With increased traffic volume on our roadways during the summer, the RCMP are advising people who are operating a vehicle on Nova Scotia's highways that the driver’s main job is to Drive!
When motorists are involved in a collision, sometimes the natural tendency is to blame someone or something other than themselves for the cause of the collision. A recent European study showed that 80 per cent of drivers believed that the other party could have done something to prevent the collision and only 5 per cent admitted that they were at fault. The results of the study also suggested that most people considered themselves more skillful and safer than the average driver.
RCMP in Nova Scotia continue to target the four leading causes of collisions: Impaired Driving, Aggressive Driving, Distracted Driving and Speed.
To help ensure you arrive at your destination safely, the Nova Scotia RCMP offer these safe driving tips:
• Plan your trip - check with 511 for road conditions or construction activity.
• Allow plenty of time to get to your destination.
• Allow for adequate rest and take breaks during your travel.
• Wear your seat belt. Seat belt usage is not just for passenger safety; it also helps the driver to maintain control of the vehicle.
• Don't get distracted- Driving is a skill and takes concentration and focus no matter what your age. Keep your eyes on the road and your hands on the wheel.
• Share the road- watch for cyclist and pedestrian traffic. The kids are out of school and vacation season has started for many adults.
• Slow down and keep enough distance from the vehicle in front of you. Tailgating is dangerous and can result in a serious crash.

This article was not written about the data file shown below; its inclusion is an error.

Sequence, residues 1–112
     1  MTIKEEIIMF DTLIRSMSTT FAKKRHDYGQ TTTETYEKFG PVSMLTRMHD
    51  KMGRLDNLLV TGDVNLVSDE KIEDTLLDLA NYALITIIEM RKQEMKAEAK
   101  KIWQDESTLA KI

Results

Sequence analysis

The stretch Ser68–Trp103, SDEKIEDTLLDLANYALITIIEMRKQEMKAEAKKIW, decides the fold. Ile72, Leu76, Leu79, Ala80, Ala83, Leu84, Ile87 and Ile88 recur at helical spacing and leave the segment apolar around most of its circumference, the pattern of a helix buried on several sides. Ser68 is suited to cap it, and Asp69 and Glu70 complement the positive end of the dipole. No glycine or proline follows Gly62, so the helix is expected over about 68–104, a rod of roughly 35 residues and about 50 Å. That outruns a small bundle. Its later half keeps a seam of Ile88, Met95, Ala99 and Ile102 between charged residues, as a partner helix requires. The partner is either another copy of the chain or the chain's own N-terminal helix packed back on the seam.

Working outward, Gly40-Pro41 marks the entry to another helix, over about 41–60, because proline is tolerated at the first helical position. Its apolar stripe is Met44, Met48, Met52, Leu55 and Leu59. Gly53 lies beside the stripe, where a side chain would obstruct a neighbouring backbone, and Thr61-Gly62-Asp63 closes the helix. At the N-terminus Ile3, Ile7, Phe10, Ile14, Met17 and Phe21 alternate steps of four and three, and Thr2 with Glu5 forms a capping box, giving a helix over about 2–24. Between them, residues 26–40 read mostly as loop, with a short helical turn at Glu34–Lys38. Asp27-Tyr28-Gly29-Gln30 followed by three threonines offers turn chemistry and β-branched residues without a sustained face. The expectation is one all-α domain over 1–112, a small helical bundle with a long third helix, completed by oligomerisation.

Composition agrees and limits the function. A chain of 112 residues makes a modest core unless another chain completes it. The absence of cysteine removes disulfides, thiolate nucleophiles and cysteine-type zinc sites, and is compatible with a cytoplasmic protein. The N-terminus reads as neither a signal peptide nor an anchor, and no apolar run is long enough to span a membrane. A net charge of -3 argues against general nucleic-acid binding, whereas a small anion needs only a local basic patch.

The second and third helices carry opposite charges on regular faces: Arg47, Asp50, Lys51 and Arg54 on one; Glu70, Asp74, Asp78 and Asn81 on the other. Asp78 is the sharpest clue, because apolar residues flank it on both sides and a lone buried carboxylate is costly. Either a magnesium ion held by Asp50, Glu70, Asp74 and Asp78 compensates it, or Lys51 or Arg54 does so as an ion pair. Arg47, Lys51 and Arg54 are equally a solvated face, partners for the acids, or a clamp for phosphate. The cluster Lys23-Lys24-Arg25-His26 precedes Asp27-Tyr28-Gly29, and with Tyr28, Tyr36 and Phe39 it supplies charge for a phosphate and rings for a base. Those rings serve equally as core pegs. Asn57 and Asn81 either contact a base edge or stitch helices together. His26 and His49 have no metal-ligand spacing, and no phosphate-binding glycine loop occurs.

• Be responsible with your alcohol, both with consuming and transporting.
Let’s look at the alcohol factor more closely. One of the most dangerous things people can do is consume alcohol and operate a vehicle. Police often get asked how many drinks someone can have and still drive legally. The simple answer is that alcohol impairs both your cognitive and motor skills, and gambling with how many drinks you can have and drive is not a risk worth taking. This is especially true of young people who have less experience with alcohol. If you have to ask yourself whether you’re sober enough to drive, it almost always means you are not.
Remember-if you’re drinking:
• You can be charged if you are impaired behind the wheel, even if you have not started to drive.
• Drugs and alcohol together can combine to impair your driving even more; ask your doctor or pharmacist about your prescription medication.
• You will lose your license if caught driving under the influence.
• The Blood Alcohol Content limit in Nova Scotia is 0.08, and the police are diligent about taking action against impaired driving.
• No matter what you blow, if alcohol is determined to be a contributing factor in a collision, you could be charged.
If you think you see an impaired driver, please call 911. When someone drives drunk, they pose a risk to every innocent person and motorist on the road. Highway safety is everyone’s responsibility.